c Longitudinal designs compare the same group of subjects over time It is long

C longitudinal designs compare the same group of

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c.Longitudinal designs compare the same group of subjects over time. It is “long-term” within subjects researchi.Benefits: it controls for individual differences, which increases power; also controls for generational effects, which can be counfoundsii.Drawbacks: very long timed.Cross-sectional designs compare different subjects at different stages, and each person is studied only at one point in time. This is a between subjects designi.Benefits: less timeii.Drawbacks: need more subjects, less powerful than longitudinale.Sequential designsare combined longitudinal and cross-sectional where each subject is followed for the same amount of time, but it’s shorter than longitudinal. For example, one cohort is followed from ages 1-2, another from ages 3-44.What are the threats to internal validity when using these designs (pretest sensitization, history, maturation, measurement, regression to the mean)?a.Selection effects and attrition differences between your subjects in a between subjects designb.History – any event that occurs between the pre and posttest (same time of manipulation)c.Maturation – time changes in subjects. Could be age or fatigue. Not applicable in longitudinal studies because you’re looking at maturation changesd.Measurement – the instrument (test, measure, judge) changes over timee.Regression to the mean – extreme scores come closer to the mean in later testsf.Testing sensitization – can happen in any study with a pretest or repeated measures5.What is a single case study and why do we use them? Examples?a.A single case design examines the effect of treatment on a single subject. These studies have a small number of subjects. The treatment and baseline conditions are compared, and the studies are best if there is a stable baselineb.We often use these studies in applied medical treatment, therapy and counseling, behavior modification, and education6.What is a reversal design? a.In a reversal design(also known as an ABA design), there is some sort of baseline, then treatment is introduced, then performance is measured, then the baseline is re-introducedi.Improved by adding more rounds of baseline/treatment; ABABAB > ABABii.Usually is the most ethical to end on a treatment7.What are multiple baselines (Ss, behaviors)?a.In studies with multiple baselines, you use multiple subjects (small N) and observe thechange from treatment to baseline with no reversalb.Allows the experimenter to examine multiple behaviorsc.These tests are good if going back to the baseline is unethical or impossibleCorrelation1.Know the measures of central tendency and variability.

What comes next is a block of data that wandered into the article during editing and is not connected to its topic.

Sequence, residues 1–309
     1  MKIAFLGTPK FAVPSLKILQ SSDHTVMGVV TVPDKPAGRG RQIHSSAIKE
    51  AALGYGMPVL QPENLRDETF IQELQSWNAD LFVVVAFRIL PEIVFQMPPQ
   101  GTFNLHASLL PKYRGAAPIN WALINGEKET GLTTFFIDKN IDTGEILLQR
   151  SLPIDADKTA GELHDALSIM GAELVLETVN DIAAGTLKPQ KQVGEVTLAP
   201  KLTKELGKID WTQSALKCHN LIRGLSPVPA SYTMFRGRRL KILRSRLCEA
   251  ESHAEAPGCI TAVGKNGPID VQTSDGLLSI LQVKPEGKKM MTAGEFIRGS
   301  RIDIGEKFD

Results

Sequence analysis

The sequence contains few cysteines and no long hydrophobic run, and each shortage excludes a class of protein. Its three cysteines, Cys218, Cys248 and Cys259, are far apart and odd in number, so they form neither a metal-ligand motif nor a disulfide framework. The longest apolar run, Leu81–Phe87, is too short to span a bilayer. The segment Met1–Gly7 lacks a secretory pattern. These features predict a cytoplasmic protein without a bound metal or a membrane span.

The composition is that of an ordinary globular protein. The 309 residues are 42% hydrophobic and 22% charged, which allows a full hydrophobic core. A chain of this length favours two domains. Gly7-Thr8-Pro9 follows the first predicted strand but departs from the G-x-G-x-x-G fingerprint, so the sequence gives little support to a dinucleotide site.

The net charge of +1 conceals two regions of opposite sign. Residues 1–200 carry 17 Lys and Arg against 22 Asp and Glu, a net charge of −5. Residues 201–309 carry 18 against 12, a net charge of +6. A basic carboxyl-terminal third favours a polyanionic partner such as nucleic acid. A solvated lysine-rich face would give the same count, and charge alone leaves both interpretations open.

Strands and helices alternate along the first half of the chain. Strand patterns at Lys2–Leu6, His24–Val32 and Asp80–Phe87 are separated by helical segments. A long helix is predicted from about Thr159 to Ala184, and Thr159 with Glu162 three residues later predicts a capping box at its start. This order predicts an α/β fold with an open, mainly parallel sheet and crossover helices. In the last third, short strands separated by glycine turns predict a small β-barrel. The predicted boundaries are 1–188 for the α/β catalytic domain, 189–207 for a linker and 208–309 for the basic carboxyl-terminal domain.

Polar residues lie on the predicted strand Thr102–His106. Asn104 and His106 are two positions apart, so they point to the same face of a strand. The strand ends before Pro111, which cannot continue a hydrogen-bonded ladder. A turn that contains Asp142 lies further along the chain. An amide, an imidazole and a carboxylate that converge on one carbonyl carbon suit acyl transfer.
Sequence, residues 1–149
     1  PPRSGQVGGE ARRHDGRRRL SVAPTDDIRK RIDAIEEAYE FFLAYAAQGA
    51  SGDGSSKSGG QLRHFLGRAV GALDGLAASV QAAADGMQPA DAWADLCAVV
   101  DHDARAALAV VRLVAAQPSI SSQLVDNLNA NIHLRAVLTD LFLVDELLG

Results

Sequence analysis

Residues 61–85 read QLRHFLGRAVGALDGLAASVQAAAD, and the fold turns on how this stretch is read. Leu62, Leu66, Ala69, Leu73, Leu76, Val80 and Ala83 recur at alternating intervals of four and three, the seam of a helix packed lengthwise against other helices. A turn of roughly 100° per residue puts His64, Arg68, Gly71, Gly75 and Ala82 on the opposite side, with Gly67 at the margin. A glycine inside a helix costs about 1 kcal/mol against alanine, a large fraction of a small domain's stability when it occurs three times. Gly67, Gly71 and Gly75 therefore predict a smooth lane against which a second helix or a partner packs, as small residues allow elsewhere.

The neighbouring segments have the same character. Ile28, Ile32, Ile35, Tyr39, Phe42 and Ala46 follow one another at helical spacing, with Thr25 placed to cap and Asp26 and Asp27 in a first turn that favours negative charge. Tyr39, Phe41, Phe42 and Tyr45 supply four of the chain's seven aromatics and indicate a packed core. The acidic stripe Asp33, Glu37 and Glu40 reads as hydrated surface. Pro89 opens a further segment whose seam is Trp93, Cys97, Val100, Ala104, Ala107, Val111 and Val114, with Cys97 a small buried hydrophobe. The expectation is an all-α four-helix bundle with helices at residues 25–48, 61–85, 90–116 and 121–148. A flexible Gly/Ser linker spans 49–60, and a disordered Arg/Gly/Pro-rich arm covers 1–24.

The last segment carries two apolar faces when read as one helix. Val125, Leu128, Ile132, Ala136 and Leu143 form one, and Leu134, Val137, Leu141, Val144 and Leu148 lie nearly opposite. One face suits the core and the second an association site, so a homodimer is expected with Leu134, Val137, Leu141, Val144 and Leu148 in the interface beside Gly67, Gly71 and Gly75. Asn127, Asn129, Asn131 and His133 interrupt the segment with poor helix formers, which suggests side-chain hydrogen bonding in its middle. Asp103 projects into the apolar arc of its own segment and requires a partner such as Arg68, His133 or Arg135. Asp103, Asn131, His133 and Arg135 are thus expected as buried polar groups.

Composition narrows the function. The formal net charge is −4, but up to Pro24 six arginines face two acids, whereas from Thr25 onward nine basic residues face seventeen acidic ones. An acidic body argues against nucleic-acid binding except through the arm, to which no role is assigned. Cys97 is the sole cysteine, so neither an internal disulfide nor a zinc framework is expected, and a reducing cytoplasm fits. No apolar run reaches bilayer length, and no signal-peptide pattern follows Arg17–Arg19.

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a.A measure of central tendencyis one number that represents what the whole sample looks likei.Mean– average of the scoresii.Median– the middle score when all the scores are arranged from largest to smallest; When you have skewed data, sometimes the median is a more accurate representation of the sample than the mean isiii.Mode– most often occurring score. Use with nominal scalesiv.
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  • Spring '12
  • CarrieWyland
  • Statistics, Experimental Psychology, Statistical hypothesis testing, Type I and type II errors, Pearson product-moment correlation coefficient, Covariance and correlation

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